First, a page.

Families that do not need sacramental preparation can opt for weekly teaching at home/on site or a monthly family catechesis.
Families will receive support from catechists.
We will offer regular family devotions.
Information and Registration-
Please contact us to find out more about our program or to discuss what option might be best for your family. You can adjust your choice later in the year if a different option is a better fit for your family then. You may register online at our Church website www.stpatrickcarlsbad.com or by calling our office at 760.729.8442.
Weekly Newsletterfor family time, prayer, and outreach
We are happy to add your email to the distribution list so you can stay connected to our parish family.
For questions about program choices, fees, or payment plans, contact the Office for Religious Education & Family Ministry at MDornisch@stpatrickcarlsbad.com or 760.729.8442.
Reflection: Twenty Fourth Sunday in Ordinary Time
Being forgiven for our wrongdoings, large or small, is healing and lifegiving. Forgiving another person, who hurt us, can be challenging. We learn from Jesus how to do it.
For parents:How does your faith help you to forgive someone?
For children:Whom do you need to forgive? Let Jesus help you.
Prayer Intention: for our (parish) family: Give us the grace to forgive others how Jesus forgives us.
United in prayer,
Director of Religious Education for Children and Family Ministry
Mental Health Ministry
The St. Patrick Mental Health
Ministry is here for all people seeking assistance for themselves or their loved ones experiencing Mental Health challenges. We provide resources, a listening ear and prayer companionship. Call the confidential Mental Health Ministry support line to receive a call back from one of the ministry members – 760.729.2866 ext. 393.
For immediate assistance call 888.724.7240 – 7/24 Access and Crisis Line.
You can also go to the Roman Catholic Diocese of San Diego link on the home page of the St. Patrick’s Parish website, then click on Pastoral Offices, Family Life and Spirituality, Mental Health Ministry for more information and resources.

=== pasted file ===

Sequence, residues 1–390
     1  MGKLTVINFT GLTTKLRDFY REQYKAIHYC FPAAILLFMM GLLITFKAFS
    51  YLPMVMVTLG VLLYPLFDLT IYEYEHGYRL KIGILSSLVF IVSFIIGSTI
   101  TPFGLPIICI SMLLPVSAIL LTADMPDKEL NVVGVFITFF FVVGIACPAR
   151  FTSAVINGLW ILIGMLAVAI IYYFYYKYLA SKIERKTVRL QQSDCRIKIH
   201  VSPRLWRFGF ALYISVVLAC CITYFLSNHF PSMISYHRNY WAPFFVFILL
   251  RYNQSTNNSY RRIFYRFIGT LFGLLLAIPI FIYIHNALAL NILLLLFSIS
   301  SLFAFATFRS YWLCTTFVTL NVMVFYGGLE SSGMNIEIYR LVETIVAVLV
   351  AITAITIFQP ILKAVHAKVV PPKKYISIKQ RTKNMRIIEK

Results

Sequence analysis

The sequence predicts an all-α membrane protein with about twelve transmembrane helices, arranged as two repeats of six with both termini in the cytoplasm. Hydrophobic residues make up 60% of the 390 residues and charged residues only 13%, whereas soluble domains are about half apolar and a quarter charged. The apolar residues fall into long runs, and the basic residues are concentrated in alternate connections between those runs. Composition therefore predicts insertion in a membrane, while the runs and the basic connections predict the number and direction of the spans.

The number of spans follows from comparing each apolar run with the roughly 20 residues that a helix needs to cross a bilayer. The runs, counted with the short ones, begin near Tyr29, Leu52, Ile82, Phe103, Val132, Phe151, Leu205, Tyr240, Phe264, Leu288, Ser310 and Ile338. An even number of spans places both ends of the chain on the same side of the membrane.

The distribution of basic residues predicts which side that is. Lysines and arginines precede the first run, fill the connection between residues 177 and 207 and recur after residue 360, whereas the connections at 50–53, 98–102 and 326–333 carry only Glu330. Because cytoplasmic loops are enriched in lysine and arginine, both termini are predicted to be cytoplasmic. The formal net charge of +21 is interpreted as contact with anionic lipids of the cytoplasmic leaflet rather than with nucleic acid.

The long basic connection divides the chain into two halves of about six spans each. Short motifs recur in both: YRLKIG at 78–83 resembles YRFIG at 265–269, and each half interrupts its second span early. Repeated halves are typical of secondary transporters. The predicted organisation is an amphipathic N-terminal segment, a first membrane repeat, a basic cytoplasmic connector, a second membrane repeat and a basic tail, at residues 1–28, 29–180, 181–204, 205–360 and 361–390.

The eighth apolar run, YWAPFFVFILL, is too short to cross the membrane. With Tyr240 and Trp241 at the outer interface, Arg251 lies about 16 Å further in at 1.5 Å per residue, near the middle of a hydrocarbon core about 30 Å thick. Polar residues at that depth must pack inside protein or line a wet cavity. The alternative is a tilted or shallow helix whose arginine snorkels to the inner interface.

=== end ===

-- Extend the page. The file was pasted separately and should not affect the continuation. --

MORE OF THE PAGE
Únete a la misa virtual para recordar y orar por aquellos que se han quitado su propia vida. La misa virtual será el 13 de septiembre a las 7:30 a.m. en https://www.sdcatholic.org/event/mass-for-survivors-of-suicide-loss/. La misa será en inglés con un mensaje en español y la grabación estará disponible después de la misa en la liga anterior. Envía los nombres de tus seres queridos a KCallier@sdcatholic.org, ora por las familias afectadas por el suicidio y crea conciencia en Septiembre, Mes Nacional de la Prevención del Suicidio.
Our parish offices are open, Monday through Friday, 8:30am to 12:30pm.
During this time of inactivity, we will use our parish email system to communicate with parishioners to offer spiritual reflections and make announcements.
In case of an emergency, you can always reach us by phone. We will be checking regularly for messages and respond as soon as possible. If need be, the answering service can get in touch with one of our priests quickly.
If you know someone who does not receive our emails, please forward this to them, or have them reply to this message.
To email a priest at St. Patrick Church click the link below: